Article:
3.5. Interlinearization mode

Interlinearization mode is a text oriented mode designed for parsing and glossing annotations to one or more lines of interlinearized text. This can be done manually or with the use of one or more so-called Analyzers. The segmentation and (typically) the transcription of speech events need to be done in one or more of the other modes before interlinearization can be added in this mode.

Analyzers are software modules that accept an annotation as input and produce suggestions for one or more annotations, on one or more tiers, as output. Examples of the type of processing analyzers can perform are tokenization, morphological parsing and lookup of glosses. The behavior of some analyzers can be configured in a settings panel. Some analyzers need a connection to a lexicon, others can perform their task based on the input alone. Analyzers are implemented as extensions so that third party users and developers can create and add their own analyzers. At least eventually: the LEXAN API, as it is called, still has to be finalized, documented and published.

Part of the user interface of this mode is a Lexicon panel, the front-end of a Lexicon Component module. It allows to create, import and edit a lexicon and its entries. Lexicons are stored separately from annotation data in a new data format. These are the lexicons that analyzers can get access to.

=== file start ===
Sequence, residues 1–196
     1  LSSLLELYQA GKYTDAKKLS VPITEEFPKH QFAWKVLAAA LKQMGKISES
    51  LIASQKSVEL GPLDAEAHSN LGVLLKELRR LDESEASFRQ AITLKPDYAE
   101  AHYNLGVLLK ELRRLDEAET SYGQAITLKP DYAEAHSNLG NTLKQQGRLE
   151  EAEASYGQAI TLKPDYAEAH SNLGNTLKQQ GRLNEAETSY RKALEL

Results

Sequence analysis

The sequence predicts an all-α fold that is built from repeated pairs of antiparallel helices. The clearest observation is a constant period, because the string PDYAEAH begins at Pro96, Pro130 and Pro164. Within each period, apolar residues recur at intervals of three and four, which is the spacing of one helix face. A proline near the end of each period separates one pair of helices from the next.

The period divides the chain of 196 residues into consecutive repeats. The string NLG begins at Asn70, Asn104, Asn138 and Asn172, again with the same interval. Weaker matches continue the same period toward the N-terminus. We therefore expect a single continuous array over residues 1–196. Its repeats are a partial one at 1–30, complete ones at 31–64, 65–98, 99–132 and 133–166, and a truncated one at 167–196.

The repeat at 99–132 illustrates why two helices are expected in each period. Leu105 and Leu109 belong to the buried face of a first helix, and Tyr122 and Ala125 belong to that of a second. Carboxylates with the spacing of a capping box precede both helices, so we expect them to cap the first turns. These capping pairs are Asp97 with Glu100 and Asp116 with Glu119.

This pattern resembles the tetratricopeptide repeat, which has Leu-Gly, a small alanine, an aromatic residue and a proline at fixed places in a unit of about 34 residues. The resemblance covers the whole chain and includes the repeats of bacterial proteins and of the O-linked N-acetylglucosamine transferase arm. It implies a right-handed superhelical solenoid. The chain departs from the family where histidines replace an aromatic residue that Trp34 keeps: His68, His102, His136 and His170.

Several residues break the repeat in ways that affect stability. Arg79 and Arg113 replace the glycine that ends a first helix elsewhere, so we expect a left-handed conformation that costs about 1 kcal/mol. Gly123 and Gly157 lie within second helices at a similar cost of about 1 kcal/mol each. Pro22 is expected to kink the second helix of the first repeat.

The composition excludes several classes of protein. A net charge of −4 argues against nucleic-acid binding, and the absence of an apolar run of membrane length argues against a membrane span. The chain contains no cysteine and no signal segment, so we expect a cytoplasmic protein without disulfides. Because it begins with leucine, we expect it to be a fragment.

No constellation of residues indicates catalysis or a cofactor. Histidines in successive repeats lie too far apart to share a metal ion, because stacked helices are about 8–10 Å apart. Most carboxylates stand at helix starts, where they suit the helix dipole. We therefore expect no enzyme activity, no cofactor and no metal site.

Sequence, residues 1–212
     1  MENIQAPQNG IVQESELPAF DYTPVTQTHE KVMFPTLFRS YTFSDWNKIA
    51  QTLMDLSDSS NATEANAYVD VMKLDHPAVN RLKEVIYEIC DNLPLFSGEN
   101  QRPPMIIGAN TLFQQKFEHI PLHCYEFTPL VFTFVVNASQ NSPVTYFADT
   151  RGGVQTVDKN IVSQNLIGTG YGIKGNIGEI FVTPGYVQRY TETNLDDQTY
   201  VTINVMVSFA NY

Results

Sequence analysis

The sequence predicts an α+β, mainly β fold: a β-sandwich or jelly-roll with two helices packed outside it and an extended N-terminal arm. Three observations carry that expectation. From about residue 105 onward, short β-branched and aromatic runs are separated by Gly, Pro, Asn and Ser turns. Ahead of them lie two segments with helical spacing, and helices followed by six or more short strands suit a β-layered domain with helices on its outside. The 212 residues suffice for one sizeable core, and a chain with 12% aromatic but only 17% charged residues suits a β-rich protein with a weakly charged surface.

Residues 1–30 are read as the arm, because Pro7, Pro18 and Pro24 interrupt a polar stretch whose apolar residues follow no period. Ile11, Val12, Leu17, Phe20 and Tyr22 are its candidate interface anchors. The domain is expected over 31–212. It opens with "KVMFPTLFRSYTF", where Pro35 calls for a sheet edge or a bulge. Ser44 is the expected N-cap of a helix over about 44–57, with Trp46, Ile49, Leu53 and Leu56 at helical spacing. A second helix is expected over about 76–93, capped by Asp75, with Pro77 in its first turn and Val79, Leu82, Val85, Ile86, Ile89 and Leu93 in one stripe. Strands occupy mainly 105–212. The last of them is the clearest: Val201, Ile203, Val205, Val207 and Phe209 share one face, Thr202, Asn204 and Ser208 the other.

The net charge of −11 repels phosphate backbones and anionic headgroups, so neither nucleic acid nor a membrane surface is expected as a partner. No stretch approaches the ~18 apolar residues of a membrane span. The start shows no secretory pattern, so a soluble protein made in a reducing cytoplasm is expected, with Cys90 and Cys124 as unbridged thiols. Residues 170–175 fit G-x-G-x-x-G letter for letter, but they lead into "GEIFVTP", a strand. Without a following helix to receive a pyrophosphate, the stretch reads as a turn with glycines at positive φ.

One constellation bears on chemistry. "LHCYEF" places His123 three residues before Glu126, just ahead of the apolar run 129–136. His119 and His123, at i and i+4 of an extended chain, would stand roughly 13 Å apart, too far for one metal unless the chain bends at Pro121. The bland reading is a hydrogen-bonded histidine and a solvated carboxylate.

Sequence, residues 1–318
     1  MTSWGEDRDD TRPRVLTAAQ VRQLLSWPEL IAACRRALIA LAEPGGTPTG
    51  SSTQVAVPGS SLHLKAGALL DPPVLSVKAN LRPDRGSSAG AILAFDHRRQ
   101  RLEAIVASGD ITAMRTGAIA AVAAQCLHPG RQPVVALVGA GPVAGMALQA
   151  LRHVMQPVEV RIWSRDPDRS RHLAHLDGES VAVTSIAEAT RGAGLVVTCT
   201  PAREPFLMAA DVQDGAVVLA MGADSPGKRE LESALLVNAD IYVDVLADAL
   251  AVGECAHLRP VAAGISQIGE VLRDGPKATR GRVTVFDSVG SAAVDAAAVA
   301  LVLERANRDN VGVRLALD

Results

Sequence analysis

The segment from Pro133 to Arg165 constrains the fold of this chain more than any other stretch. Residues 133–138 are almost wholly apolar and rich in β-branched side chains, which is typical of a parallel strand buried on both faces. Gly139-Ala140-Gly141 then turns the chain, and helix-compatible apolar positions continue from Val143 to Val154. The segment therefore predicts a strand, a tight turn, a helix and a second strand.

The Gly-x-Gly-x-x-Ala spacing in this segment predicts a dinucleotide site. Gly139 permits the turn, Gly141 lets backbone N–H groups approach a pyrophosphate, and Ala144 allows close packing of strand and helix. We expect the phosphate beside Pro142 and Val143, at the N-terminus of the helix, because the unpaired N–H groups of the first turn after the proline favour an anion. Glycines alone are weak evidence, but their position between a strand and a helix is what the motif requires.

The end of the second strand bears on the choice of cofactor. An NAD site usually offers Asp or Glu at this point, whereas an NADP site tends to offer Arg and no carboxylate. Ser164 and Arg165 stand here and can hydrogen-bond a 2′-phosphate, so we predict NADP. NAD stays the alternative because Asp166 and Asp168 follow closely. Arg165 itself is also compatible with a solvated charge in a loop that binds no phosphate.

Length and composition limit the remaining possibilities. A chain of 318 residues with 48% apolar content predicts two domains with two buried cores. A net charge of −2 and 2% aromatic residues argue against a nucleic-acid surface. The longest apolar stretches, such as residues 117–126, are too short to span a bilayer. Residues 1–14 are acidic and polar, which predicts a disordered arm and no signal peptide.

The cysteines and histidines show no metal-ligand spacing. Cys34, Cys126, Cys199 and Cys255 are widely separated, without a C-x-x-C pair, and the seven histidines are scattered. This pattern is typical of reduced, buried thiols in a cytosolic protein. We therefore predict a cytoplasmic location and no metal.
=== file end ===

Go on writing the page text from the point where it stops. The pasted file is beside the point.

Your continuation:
To start the Interlinearization mode, click Options > Interlinearization Mode from the main window.

Select Interlinearization Mode

Figure 3.21. Select Interlinearization Mode

The main screen is split in two, the left side containing 2 panels, the right side consisting of a single panel.

Interlinearization mode main view

Figure 3.22. Interlinearization mode main view

To start working in Interlinearization Mode, you need to have already set up a tier structure and have to have some segmentations (annotations on a top level tier). The values of annotations can be edited in this mode and annotations on dependent tiers, including subdivisions, can be created, but not primary segmentations on top-level, independent tiers. This can be done in Annotation mode and/or Segmentation mode. It is still possible to add new tier types and tiers in this mode (please refer to Section 2.3 and Section 2.4 for more information about tier structures).

If you want to use an analyzer that requires a connection to a lexicon, you should first create or import a lexicon and link one or more tier types to specific fields in a lexical entry (see Section 2.3.1 and Section 2.7.2).

3.5.1. Analyzer setup and configuration